Representing the U.S. in the Olympics is something that Westfield resident Nick Delpopolo, 22, has been dreaming about since his father enrolled him in Judo in Cranford at the age of five.
Ranked No. 1 in the U.S. and No. 16 in the world, Delpopolo trains four hours a day on the "tatami" or mat and another two either in the gym or on the road running.
A May 12th bout in Miami will determine whether or not Delpoplo is headed to London this summer.
"I knew that one day I would have the opportunity; it would just be a matter of if I would sacrifice enough and be willing to take it," Delpopolo said. "It would literally be a dream come true if I can make the Olympic team this summer."
The Judo champion, who has traveled all over the world to compete in order to qualify for the Olympic Games, was born in Montenegro, where he spent most of his first two years in a small orphanage. When he was 21-months old, Nicholas was adopted by Cranford High School teacher Joyce Delpopolo and her husband Dominic.
Delpopolo explained that a handful of Americans have medaled in the sport of Judo at the Olympics but none has ever taken home the gold.
"As a matter the fact, two coaches with whom I have worked with extensively, Jason Morris (silver at the '92 Barcelona games) and Jimmy Pedro (bronze at the '96 Atlanta and '04 Athens games) are among the few," he said. "The wild part of this is no American, let alone North American, has ever won gold in the sport of Judo. I look to be the first."
Delpopolo credits the sport with giving him "strength, speed and flexibility, discipline, integrity and character."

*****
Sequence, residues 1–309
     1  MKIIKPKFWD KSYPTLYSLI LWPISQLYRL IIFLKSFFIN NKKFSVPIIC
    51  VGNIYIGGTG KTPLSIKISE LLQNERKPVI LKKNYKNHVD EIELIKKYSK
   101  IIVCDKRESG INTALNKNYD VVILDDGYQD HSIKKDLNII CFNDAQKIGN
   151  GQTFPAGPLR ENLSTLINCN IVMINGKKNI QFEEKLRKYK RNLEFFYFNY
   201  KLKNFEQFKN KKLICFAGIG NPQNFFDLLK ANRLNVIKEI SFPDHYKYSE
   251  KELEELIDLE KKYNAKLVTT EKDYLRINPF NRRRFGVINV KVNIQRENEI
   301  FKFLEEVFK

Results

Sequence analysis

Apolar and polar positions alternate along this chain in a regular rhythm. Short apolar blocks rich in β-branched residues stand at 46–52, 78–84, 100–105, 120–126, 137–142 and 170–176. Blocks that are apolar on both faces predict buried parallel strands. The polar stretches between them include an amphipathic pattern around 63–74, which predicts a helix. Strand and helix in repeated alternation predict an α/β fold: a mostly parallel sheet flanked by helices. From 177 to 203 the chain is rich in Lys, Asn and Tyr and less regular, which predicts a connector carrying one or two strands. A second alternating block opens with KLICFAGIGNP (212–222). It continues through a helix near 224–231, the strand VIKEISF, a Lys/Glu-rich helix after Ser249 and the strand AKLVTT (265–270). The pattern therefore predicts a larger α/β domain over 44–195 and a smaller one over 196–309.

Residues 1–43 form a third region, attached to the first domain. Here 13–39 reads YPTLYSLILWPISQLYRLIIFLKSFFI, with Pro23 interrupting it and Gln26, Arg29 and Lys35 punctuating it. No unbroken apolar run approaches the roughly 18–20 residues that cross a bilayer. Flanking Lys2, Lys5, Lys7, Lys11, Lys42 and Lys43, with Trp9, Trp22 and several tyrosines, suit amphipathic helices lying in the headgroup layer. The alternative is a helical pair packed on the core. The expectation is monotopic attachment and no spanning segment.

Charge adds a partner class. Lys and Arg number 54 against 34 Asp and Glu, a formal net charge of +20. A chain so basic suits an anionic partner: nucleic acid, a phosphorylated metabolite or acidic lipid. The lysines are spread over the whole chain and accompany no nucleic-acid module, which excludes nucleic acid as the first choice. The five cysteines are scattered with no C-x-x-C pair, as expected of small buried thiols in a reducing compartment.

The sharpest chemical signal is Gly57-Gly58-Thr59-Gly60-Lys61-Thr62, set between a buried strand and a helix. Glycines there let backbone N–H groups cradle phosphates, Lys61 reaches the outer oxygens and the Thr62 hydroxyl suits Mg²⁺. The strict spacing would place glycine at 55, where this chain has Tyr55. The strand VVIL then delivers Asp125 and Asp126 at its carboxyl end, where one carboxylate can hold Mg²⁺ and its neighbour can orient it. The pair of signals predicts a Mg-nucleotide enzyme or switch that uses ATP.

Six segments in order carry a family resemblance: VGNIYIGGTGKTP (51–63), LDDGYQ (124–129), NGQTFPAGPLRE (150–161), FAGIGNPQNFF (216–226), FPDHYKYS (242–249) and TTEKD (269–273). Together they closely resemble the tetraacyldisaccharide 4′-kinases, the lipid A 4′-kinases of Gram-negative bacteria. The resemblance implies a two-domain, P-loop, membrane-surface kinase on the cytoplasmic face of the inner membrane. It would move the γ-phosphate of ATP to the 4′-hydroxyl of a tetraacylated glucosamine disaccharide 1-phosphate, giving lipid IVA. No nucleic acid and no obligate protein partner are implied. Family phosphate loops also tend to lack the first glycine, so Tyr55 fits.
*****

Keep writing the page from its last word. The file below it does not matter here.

"To change a quote from Vince Lombardi, 'There should only be three things in life: faith, family and Judo,'" Delpopolo said. "The sport defines me as much as I define it. It is my passion and something I will practice, teach and give back to for the rest of my life."
Delpopolo's advice to anyone considering taking up the sport is to keep in mind that it is "very diverse and dynamic." Because it originated in Japan, Judo embodies many different terminologies, techniques and forms of etiquette that can frustrate beginners. But, Delpopolo said, if a novice can stick with it, he or she will discover how worthwhile the sport can be.
Because training and competing has taken up so much of Delpopolo's time, he plans to go back to school for two years following the Olympic Games.
"I would also like to try and get a job wherever; it wouldn't matter to me," he said. "These two things would be a good change of pace from the 'always train"'life I live now. Don't get me wrong, I would still practice, train and compete Judo but not as intense or as much as I am now. But in 2014 I would start preparing for the 2016 Games again."
Delpopolo said that the cost of competing in pursuit of bringing home the gold medal is nearly $50,000 annually.
"Judo is a demanding sport economically for me as there are dozens of international trips a year I must go to to qualify for the Olympics," he said. "It has left me nearly broke. If anyone would like to donate to my cause or just check out my full story, photos, videos, et cetera, you can go to www.nickdelpopolo.com . Any and all donations are greatly appreciated."